Winners and losers are already emerging amongst the UK's leading banks and their Internet strategies. According to merchant bank Salomon Smith Barney, their efforts differ depending on whether they are retail banks or traditional clearers, and whether the strategies are defensive or offensive.
Halifax, the Woolwich and Abbey National are said to have been the most aggressive in their offensive strategies to gain an increased share of new markets, while Barclays and Bank of Scotland have taken a lead in defensive tactics to safeguard their current account and personal loan businesses. Lloyds TSB is regarded as one of the most ambitious, while the newly acquired NatWest is expected to unveil its strategy as part of the Royal Bank of Scotland group in the next two months.
Salomon Smith Barney's survey of who's doing what measures the converted building societies and traditional clearing banks in terms of the services offered, notably Web site savings and loans applications, current accounts and offerings via Wap mobile phone and digital TV. All are offering current accounts, savings facilities and have a Web site, but the response in terms of Wap and digital TV is patchy.
For defensive strategies, First Direct of the traditional clearers is said to have done best in terms of converting customers to PC banking, though for First Direct, with its customers being telephone bankers, that is no great leap. Over 20% of First Direct's customer base is now online. It expects to have around 400,000 online by the end of 2000, or 40% of its customer base.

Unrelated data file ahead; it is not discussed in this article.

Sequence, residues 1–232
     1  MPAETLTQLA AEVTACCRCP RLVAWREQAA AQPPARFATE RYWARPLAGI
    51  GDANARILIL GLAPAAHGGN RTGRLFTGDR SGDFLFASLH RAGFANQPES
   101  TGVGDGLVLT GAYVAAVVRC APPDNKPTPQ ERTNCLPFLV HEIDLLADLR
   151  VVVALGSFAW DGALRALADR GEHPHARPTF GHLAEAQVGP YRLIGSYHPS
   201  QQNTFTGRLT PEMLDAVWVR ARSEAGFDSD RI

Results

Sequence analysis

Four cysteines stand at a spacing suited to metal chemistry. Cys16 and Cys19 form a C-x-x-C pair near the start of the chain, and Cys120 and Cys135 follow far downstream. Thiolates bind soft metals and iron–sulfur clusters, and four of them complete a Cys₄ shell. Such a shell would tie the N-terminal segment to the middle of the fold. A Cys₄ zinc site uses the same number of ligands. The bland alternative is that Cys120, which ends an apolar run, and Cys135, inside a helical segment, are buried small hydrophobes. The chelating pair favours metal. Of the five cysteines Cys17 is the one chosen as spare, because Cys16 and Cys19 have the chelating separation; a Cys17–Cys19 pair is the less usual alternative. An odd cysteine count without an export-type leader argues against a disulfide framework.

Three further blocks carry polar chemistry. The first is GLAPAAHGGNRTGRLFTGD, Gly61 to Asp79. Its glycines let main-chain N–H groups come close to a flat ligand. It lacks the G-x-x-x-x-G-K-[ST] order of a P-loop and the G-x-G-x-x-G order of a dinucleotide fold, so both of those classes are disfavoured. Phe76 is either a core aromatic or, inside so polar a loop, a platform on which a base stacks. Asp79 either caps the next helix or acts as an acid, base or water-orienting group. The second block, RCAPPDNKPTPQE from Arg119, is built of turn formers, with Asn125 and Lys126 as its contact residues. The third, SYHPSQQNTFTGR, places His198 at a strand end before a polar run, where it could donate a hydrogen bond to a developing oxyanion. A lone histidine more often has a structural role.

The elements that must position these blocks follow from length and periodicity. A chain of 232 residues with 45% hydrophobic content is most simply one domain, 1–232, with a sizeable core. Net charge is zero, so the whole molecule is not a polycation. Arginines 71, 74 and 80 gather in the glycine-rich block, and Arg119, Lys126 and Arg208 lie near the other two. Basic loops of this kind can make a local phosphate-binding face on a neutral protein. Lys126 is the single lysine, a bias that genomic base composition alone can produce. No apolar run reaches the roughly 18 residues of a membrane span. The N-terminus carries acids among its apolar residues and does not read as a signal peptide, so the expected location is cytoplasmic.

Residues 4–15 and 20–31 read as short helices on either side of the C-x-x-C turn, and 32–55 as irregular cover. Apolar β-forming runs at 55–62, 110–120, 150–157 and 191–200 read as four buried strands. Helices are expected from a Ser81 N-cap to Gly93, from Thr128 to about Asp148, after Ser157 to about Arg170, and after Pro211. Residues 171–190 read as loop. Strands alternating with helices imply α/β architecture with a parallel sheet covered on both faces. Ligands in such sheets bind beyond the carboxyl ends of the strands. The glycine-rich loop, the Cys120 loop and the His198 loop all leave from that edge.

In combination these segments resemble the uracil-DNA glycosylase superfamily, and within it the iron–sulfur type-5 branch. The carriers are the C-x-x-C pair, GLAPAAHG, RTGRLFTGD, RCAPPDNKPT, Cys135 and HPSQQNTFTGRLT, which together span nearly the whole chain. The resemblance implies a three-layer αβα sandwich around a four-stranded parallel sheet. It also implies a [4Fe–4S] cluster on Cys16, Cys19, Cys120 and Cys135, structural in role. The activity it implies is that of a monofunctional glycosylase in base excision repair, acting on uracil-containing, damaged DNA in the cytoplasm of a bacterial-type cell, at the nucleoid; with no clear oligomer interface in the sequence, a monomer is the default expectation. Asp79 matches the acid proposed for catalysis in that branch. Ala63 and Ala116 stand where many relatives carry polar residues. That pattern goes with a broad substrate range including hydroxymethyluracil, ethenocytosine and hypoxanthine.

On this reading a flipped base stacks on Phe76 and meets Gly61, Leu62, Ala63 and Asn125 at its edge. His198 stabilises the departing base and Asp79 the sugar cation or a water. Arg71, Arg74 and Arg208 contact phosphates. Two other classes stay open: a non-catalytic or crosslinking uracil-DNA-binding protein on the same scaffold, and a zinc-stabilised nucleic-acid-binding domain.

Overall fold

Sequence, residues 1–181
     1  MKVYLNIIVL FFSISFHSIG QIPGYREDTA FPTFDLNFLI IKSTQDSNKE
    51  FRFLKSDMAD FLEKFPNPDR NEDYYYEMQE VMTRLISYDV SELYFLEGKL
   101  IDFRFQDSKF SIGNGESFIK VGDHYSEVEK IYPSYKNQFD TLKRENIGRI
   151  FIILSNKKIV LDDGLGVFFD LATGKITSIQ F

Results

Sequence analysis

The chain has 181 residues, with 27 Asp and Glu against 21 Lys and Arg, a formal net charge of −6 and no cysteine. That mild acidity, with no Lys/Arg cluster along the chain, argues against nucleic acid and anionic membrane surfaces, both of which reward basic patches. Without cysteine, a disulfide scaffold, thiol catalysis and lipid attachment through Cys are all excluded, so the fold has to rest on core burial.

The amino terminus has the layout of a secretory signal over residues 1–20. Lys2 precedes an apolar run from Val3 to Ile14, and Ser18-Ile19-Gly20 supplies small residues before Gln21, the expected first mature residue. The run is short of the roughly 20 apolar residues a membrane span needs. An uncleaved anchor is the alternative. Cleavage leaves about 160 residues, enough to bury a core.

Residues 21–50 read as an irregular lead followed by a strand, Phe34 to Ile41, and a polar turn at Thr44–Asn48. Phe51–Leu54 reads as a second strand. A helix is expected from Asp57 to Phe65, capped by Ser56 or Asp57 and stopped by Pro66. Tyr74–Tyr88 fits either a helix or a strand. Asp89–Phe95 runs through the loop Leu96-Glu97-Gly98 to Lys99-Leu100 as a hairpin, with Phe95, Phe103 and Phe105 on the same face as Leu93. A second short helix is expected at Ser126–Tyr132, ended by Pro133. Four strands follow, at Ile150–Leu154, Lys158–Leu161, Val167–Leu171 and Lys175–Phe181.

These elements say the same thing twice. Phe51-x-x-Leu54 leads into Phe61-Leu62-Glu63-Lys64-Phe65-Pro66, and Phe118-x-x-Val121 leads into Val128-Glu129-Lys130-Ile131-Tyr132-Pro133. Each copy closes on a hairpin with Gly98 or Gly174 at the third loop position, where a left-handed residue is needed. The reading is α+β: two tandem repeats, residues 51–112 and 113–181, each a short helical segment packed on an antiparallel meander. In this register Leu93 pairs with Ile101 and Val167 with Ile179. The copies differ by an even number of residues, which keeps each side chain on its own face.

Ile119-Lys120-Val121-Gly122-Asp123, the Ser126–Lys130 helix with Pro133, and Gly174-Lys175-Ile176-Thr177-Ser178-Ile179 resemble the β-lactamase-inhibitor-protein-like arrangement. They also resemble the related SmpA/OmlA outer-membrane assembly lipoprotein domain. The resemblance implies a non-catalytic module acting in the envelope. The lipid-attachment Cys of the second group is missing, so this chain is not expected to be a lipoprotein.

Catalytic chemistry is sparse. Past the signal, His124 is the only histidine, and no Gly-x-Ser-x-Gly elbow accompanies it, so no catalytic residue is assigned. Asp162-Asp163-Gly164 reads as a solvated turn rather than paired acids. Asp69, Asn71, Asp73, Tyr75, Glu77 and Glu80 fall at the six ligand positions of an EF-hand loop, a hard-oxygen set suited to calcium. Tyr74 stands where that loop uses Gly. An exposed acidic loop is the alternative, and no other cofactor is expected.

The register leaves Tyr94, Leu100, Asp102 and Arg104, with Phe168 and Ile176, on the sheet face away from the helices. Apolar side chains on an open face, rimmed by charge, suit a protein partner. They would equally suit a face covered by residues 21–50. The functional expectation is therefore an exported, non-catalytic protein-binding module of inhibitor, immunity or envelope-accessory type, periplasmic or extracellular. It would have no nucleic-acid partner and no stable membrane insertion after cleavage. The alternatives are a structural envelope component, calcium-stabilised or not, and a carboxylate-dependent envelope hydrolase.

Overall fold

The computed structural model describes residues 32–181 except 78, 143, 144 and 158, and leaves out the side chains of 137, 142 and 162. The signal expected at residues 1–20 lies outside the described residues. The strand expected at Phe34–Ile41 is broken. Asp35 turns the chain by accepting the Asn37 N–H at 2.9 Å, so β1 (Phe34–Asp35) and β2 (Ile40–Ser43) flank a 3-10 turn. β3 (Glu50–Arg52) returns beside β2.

Barclays already had over 500,000 online by the end of 1999, but that represented only 6% of its current account base. By the end of January, Barclays said, another 100,000 had gone online, and it hopes to have 1m online by the end of 2000.
Of the retail banks, Alliance and Leicester started offering Internet banking from January 2000, while Abbey National hopes to have 500,000 customers online by the end of 2000.
When it comes to breaking into new markets, the more retail-facing banks - Abbey National (with Cahoot), Halifax, the Woolwich, together with Lloyds TSB from the traditional clearers, are launching their own standalone Internet business, to sit alongside Egg. Lloyds TSB is testing its offering now in Spain, and expects to offer a service here later in the year. Egg plans to launch a current account-based product around the middle of 2000.
Since Egg already has 1m sign-ups, and both Lloyds TSB and Cahoots are aiming for hundreds of thousands of sign-ups, Salomon predicts that the current market will be much bigger than current forecasts suggest.
With the Internet revolution still in its early days, and the promise of the mobile Internet still to come, there is still everything to play for in the banking sector.
The Salomon survey suggests that if Halifax manages to hit its targets it could have an 80% share of the "clicks only" market.